28th February marked the sixth face-to-face event in the Prevention Concordat for Better Mental Health learning series, and eleventh event in the series overall (more on the digital events can be found here).
We were met with snowy scenes at the Oval cricket ground, but despite the inclement weather and disruptions to travel the atmosphere in the room was positive (helped in part by plentiful hot drinks and soup to thaw people out).
I’ve noted my top 5 takeaways from the day below, but it would be great to hear your views – leave a comment below or join the conversation on twitter using #preventionconcordat.
No one is perfect (yet). At the half way point(ish) of the learning event series, Lily Makurah’s observation that no one organisation or area has perfected their approach to preventing mental health problems or promoting good mental health was timely. The clue is in the name “learning events” – this series is an opportunity to learn from others, share your own learning and explore how to continue that learning once the event ends.
If you don’t have a vision, steal someone else’s. Some systems can be really stuck in a rut of short term planning. By aligning themselves with an external vision, such as that provided by Thrive LDN, they can "borrow" a longer-term vision and build energy for change around it.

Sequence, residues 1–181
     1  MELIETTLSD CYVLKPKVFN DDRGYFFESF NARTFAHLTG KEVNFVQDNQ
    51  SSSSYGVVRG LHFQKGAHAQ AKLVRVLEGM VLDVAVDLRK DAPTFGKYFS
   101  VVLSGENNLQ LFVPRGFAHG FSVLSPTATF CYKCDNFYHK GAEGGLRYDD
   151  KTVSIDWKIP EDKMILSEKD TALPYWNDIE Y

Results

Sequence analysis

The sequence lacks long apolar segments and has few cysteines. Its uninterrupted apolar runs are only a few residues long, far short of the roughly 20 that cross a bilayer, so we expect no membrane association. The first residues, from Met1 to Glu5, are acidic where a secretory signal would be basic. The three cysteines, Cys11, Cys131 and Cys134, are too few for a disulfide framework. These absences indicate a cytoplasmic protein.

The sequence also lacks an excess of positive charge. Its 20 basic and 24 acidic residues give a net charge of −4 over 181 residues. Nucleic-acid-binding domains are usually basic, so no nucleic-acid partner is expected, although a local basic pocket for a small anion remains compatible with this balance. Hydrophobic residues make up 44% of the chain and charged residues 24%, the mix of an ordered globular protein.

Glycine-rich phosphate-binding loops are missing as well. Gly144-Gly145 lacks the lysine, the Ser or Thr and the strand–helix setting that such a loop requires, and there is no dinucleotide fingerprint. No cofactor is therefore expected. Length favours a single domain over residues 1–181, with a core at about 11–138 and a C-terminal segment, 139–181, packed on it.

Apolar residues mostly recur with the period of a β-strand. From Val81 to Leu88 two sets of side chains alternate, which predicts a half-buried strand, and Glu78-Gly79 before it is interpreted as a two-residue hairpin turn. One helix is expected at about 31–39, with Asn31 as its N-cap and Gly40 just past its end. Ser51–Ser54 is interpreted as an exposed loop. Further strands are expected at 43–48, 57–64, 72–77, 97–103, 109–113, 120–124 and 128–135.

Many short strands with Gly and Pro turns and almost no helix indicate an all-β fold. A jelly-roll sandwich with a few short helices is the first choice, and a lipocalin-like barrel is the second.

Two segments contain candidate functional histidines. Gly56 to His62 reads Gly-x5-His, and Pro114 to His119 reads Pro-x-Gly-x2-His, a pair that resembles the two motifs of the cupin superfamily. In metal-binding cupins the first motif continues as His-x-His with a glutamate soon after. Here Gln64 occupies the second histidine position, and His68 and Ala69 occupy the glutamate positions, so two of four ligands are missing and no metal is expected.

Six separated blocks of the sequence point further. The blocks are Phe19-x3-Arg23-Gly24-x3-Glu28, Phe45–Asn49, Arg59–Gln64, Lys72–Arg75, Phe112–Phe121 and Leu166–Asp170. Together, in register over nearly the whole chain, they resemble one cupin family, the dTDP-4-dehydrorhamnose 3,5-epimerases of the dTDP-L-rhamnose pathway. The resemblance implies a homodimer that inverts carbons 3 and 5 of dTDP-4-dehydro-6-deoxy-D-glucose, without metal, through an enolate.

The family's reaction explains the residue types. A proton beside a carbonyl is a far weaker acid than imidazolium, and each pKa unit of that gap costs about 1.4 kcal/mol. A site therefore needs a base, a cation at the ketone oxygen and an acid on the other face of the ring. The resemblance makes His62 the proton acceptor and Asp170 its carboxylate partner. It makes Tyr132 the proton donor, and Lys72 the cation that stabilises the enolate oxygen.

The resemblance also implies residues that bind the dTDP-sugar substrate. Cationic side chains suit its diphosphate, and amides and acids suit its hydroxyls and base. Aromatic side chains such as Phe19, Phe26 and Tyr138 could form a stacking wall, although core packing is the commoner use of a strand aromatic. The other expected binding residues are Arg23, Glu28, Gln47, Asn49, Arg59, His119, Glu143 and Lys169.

Evidence is like muscles. We’ll only build up the evidence base for mental health if we use what we have. Andy Bell highlighted the example of MAC-UK, who use evidence-based interventions to implement their work (including the use of peer-referral and activities co-produced with young people).
Better mental health is a way of life not a stroke of luck. We’ve made similar points in previous blogs, but the point remains as pertinent as ever. Supporting good mental health is a lifelong activity and a lifecycle approach to how we build good mental health and prevent mental health problems is needed.
Borrow a brand, build energy. At the London event we heard from organisations who felt their own brand identity veered towards responsible rather than innovative. While both are needed, innovation is key when you are seeking to build momentum for change. To borrow a leaf from Thrive LDN’s book, they provides partners with an attractive brand backed up with professional communications skills in order to build this momentum.